From the start, it was clear the interviewer was unprepared. Though all the materials had been provided to The Woman’s Hour, and in spite of my strong suggestion that the case, in particular, should be read in advance, BBC’s Jenni Murray swooped in with the predictable “moral question,” clearly assuming that her own view was the universal truth and that all right-minded individuals shared it.
Ironically, the Avon in Africa Case Study and its accompanying teaching note are written with the very clear intention of countering these cultural prejudices that so many in the West think are universal precepts. Had Murray done her homework as was suggested, we might have been free to concentrate on the real news: that a private system is successfully helping poor women to achieve economic independence under deeply desperate conditions–and doing so in a way that many government and charitable programmes have tried without success. The lessons learned from the Avon system are really important because they offer straightforward advice on how existing efforts in microfinance and entrepreneurship can be adapted toward a more hopeful effect. Current not-for-profit programmes that try to support female entrepreneurs fail often, while also causing serious financial distress for the women in developing nations.
But all some can say is that it is “immoral” for women to be selling lipstick to the poor. If Jenni had read the materials, she would have learned, first, that the consumers in this South African system are not buying makeup in any substantial numbers. She would also have learned that the things they do buy–especially lotions–are considered “necessities,” not “luxuries,” in the black South African culture, unlike some of the things British consumers would feel are staples, like soap and deodorant. She would also have learned that the flexible pricing in the Avon system makes these objects affordable even for the poor, especially when you consider the transportation costs of buying something at retail.
But it is the imperialistic attitude that I find so disappointing. Human beings have painted their faces and bodies throughout history, all around the world. The practice was stamped out by the European colonial powers during their era of expansion. The Europeans–especially the English–saw painting as idolatrous and promiscuous–even though much body painting is done for spiritual and ritual purposes (as in the mehndi practice typical among many Hindus and Muslims even today). The conquerors also felt that the practice of painting was a waste of time, which was an important consideration since the whole point was to enslave the indigenous people to work for the imperial powers. And, of course, the Europeans’ own face-painting, very common among aristocrats during this time, was seen as an entirely different thing, perfectly permissible. Much like our own purchases of lipstick are fine, but when poor South Africans buy the same things it is a moral outrage.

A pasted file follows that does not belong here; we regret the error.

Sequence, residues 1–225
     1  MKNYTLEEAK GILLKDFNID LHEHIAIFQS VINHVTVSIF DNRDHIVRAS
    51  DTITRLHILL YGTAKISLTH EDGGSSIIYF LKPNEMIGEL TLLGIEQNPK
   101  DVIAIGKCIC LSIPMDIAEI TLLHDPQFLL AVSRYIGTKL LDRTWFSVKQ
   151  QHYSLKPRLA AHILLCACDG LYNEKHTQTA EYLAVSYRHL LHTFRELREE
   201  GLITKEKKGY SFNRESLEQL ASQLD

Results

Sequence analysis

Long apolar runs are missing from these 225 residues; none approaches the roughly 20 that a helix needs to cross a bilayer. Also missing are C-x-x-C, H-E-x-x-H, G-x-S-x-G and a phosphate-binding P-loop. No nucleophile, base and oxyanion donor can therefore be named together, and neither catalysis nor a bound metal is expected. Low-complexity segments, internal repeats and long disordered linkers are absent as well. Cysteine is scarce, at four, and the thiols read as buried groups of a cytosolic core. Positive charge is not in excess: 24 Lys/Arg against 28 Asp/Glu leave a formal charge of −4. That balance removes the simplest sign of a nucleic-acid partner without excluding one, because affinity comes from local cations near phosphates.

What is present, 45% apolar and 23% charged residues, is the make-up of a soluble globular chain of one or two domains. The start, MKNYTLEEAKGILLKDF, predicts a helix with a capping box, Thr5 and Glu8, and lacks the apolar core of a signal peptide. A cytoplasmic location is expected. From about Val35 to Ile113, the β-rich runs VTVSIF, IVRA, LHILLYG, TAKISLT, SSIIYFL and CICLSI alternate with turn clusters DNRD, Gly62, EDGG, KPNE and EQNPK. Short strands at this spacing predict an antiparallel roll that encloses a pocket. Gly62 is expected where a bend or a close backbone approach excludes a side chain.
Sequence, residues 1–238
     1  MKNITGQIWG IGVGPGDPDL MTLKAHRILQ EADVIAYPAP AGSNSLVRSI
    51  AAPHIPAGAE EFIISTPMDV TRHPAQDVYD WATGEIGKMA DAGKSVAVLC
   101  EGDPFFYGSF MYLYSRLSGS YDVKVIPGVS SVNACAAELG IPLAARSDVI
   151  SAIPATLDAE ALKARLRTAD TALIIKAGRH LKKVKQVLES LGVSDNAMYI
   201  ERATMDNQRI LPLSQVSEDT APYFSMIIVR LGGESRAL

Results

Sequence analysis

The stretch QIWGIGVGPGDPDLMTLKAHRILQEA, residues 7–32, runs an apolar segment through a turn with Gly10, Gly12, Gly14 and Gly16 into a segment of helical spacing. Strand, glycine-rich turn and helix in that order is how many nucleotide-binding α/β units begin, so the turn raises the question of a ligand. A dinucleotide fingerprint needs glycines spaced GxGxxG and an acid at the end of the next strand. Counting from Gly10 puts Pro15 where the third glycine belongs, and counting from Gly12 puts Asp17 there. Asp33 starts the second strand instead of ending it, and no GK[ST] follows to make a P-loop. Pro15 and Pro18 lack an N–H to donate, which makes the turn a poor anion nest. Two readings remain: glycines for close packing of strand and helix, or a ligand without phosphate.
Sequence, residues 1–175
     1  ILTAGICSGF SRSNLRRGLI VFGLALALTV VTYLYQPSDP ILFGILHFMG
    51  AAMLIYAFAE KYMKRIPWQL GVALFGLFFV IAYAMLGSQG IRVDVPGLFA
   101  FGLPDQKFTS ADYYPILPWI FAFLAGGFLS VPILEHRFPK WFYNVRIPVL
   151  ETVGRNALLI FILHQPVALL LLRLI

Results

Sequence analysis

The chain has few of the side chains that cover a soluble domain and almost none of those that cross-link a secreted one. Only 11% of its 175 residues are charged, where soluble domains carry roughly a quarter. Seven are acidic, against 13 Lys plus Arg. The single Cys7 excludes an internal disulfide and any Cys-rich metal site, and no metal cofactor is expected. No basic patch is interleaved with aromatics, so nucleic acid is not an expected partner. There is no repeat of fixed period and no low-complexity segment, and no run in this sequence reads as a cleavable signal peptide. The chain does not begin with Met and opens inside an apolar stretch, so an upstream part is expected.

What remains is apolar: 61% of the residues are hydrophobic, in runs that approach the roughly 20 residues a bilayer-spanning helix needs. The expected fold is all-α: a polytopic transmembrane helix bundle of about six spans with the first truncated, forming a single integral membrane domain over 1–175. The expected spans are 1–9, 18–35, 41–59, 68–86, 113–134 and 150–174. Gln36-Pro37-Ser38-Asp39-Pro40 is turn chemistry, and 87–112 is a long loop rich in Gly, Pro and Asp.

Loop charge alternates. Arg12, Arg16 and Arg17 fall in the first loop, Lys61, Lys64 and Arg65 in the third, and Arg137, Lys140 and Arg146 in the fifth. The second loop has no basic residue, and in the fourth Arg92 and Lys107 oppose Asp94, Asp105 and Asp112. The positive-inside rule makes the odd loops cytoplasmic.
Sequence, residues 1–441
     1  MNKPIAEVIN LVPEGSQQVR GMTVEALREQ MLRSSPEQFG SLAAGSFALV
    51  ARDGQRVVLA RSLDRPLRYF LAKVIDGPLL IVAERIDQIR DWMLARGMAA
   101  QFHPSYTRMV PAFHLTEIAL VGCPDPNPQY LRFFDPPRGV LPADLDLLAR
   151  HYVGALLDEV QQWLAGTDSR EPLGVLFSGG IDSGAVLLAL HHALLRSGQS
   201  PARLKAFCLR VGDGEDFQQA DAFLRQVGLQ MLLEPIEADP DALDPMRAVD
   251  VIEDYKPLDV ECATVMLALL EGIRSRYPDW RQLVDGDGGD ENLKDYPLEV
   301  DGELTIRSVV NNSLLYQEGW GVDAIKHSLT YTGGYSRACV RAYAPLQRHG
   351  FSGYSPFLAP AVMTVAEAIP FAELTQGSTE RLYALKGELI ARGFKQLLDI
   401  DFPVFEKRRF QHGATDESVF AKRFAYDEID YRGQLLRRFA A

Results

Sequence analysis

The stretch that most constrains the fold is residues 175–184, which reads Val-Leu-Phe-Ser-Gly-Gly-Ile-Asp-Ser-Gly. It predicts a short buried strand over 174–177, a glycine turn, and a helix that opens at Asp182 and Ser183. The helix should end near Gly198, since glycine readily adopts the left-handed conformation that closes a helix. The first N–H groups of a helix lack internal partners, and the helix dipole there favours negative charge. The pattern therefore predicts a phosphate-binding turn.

As modern consumer goods came into being, the English-speaking Western nations experienced a profound conversion to soap-and-water hygiene–and built enormous infrastructures that brought those practices into everyday use, making them seem “natural” and “necessary.” But in South Africa, that infrastructure doesn’t reach most black people. They continue, therefore, to clean themselves with a variety of lotions and creams. They also make heavy use of fragrance. And so, the big sellers in the Avon system in South Africa are lotions and fragrance, not soap and lipstick. Importantly, smelling a certain way is necessary for getting and keeping a job.
Avon also sells antiperspirants and deodorants, but these are new items in rural South Africa and many poor people see no need for them. Are deodorants necessities because people in Europe think they “need” them?
Southern Africa, like North America, was once home to peoples who painted their faces, oiled their skin, plaited and beaded their hair. Today, the use of lotion among black South Africans mirrors the past practice of oiling skin. But the use of coloured cosmetics has shifted. Today, our respondents told us, use of lipstick is associated with “modern,” “emancipated” women, much as it was when first popularized in America. We were told repeatedly that women in South Africa liked using lipstick, felt good when they wore it, and should be allowed to have it.
But who gets to decide what the poor may have? If the Western press believes such decisions are up to them, they would do well to become more informed about existing practices and morals among the many other peoples of the world. They should also become aware of the considerable literature showing that allowing people only food, shelter, and other forms of physical sustenance, as if they were livestock merely to be kept alive, is profoundly dehumanizing. And if we stick strictly to this way of thinking, we will deny people not only the means to dress and groom themselves (as is often done to slaves, prisoners, and concentration camp victims), but also books and music, which are no more necessary to sustain life than lipstick.
So are we to “allow” the poor in the former colonies only those things that will suffice to keep them alive and allow them to work? That is, indeed, a moral question.
Fortunately, the other press coverage we are receiving today is thoughtful and well informed. In particular, David Smith’s piece for the Guardian, which is also appearing in South Africa, is really excellent.